I’ve heard from several designers lately who have been doubting their skills and work:

“I feel like an imposter.”

“I feel like I’m not good enough.”

“I’m too old and there are so many young designers who are better.”

“I just can’t seem to get inspired.”

“I’m not proud of any of my work.”

But I think you might be surprised to find that self doubt is commonplace amongst designers. There are several reasons for this.

First, our culture frowns upon creativity. How many times have you heard rude comments about “creative types”? We’re widely regarded as unreliable, sensitive, and difficult. Which obviously isn’t true.

But this goes deeper than the stereotype—psychologists believe that even as young children we are taught not to be creative. A researcher named George Land conducted a study for NASA that found children grow less creative and are actually taught non-creative behavior. At ages 4-5, 98% of children scored as creative, but only 10% by age 10, and later only 2% of adults scored as creative.

We are trained to discourage creative behavior. For example, I almost scolded my 2-year-old son the other day for using a toy “the wrong way”. But when I stopped to consider the situation, he was only playing in an unexpected way—I was surprised at what he was doing and I reacted negatively. Even though he was doing nothing wrong at all, I almost discouraged his creativity because that’s what I’ve been taught to do.

We are taught to stifle creativity. And as we explore creative pursuits, these negative perceptions can drag us down.

However, paradoxically, our culture also romanticizes creativity. No one will ever be so brilliant a visionary as Steve Jobs—his reputation is practically godlike. And this happens in especially in the design profession; look at the reputations of Paula Scher or Massimo Vignelli. Each are idols in their own right.

Our belief in the idea of the creative genius leads us to doubt ourselves because we hold ourselves up against an impossible standard. None of our idols were nearly so great as we make them out to be—each was a human with flaws and struggles just like us (and it’s possible they were only successful because of luck).

Further, the design profession is increasingly idealizing the uncreative aspects of our work. Research has become a priority for many designers, and this represents a shift in thinking that logical, structured approaches are more valuable than creative ones. Empathy is the latest clarion call—but it represents sacrificing our artistic vision in favor of other people when so much art does exactly the opposite. Last, usability while noble runs the risk of draining the playfulness and experimentation from our work—reducing creative aspects in favor of sameness and utilitarianism.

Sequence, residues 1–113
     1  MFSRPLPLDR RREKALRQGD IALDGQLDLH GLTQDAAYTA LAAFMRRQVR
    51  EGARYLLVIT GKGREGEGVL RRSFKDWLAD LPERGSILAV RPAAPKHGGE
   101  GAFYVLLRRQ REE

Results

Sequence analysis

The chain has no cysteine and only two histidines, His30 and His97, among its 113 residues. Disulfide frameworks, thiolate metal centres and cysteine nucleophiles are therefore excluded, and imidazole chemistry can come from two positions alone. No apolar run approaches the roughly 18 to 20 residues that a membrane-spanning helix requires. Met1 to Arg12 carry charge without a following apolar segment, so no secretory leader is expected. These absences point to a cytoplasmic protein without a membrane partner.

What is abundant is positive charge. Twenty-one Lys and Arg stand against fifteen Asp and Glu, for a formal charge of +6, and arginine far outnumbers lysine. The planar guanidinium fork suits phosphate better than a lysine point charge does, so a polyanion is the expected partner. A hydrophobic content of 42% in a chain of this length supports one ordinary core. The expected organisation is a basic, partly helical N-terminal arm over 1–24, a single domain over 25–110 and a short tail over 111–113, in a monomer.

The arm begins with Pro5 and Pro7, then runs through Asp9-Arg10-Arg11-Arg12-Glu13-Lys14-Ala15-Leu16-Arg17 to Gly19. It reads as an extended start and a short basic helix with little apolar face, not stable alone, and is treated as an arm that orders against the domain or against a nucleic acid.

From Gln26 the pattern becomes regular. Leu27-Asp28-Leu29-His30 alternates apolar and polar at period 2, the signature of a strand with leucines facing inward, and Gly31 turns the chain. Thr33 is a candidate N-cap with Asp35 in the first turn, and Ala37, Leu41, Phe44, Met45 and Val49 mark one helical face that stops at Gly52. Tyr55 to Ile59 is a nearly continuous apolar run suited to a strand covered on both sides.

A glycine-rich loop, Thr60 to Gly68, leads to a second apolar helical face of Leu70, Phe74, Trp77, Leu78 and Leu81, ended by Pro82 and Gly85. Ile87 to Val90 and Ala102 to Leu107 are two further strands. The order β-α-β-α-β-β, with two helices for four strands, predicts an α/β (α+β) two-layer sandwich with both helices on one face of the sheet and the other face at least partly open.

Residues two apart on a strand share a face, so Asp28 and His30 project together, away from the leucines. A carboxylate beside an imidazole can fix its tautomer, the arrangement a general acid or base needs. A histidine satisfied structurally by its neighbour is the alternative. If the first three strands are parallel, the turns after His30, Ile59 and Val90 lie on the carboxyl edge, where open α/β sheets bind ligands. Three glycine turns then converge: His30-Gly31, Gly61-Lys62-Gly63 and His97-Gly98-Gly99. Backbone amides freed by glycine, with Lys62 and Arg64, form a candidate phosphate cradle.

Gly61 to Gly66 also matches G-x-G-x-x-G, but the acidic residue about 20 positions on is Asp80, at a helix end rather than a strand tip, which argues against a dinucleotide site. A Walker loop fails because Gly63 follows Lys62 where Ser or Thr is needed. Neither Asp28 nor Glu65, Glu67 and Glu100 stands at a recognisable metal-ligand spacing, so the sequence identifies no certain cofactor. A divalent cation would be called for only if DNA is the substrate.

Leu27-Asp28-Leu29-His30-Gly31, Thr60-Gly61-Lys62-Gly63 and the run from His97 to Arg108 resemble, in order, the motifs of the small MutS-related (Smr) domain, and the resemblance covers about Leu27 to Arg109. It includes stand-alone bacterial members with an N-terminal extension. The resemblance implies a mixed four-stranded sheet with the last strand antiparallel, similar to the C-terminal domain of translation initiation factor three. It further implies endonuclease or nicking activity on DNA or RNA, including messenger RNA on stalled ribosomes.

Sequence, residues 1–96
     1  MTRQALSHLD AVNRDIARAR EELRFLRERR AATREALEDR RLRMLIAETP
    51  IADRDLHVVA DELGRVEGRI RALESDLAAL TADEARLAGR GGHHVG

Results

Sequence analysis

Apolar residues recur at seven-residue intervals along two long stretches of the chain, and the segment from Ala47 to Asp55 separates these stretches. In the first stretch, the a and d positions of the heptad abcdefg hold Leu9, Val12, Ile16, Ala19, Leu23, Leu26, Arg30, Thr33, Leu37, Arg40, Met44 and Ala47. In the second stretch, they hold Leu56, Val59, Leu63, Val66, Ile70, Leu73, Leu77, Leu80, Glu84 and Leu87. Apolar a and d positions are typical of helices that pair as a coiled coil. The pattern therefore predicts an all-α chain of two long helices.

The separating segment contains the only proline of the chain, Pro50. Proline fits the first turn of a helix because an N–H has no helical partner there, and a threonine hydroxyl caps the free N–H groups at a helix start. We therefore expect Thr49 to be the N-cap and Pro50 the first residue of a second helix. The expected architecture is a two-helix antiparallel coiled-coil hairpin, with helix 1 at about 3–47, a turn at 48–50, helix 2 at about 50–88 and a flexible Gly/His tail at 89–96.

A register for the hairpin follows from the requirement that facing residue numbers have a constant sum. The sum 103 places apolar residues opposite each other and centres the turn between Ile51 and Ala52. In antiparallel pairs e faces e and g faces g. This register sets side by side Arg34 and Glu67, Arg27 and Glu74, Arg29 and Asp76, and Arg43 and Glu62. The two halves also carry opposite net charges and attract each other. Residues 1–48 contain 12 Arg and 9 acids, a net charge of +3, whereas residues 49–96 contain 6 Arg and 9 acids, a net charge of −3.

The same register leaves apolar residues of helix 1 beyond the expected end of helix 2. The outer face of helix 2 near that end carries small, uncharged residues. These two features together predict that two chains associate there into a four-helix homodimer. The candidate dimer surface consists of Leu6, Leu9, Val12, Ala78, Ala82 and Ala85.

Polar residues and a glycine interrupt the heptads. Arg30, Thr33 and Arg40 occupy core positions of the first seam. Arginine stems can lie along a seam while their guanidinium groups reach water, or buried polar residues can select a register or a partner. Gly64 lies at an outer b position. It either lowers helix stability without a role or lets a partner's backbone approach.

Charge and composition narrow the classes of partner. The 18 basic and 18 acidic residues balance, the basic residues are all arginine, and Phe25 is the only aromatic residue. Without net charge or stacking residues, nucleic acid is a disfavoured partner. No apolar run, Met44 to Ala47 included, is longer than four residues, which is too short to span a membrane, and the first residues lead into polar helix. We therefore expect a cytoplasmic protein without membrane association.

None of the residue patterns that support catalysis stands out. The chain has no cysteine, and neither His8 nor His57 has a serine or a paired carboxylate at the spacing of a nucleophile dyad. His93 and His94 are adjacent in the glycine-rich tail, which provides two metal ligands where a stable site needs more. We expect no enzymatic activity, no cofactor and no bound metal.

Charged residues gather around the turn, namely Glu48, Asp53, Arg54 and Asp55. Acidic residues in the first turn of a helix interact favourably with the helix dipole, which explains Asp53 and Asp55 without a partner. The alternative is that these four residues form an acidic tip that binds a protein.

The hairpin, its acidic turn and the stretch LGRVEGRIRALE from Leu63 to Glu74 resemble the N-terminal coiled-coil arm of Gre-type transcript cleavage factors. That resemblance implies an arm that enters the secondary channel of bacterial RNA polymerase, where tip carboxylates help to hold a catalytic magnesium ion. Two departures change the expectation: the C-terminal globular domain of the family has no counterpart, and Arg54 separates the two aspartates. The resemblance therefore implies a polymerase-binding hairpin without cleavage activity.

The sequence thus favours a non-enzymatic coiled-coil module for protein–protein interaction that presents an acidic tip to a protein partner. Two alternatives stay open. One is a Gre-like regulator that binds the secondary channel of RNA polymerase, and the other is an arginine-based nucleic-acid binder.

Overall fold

It can feel like the more creative you try to be, the more you get punished for it—even within our own industry.

No one belongs as a creative professional, according to all these voices—the experts in our industry, the lessons we heard as kids that discouraged our creativity and told us to “be practical”, the snickering behind our backs about “creative types”, the voices that enshrine famous creatives, and others. None of us are doing what culture says we are supposed to be.

According to them, every designer is an imposter.

We all feel like imposters because we’ve been taught to feel that way.

And this means that every designer is just like you. We’re all fighting for respect. We all face self doubts. We all struggle sometimes to do work we are proud of.

I know this article leans a bit self-help-ish, but hey, is that such a bad thing? Many of your struggles and roadblocks as a designer will be emotional. We all need healthy ways of dealing with these pressures.

Being a designer carries some unique challenges. This isn’t always the easiest kind of work to do.

But I hope it helps to know that you aren’t the only one who feels this way. Next time you doubt your work or your value as a designer, remember:

We’re all imposters, together.


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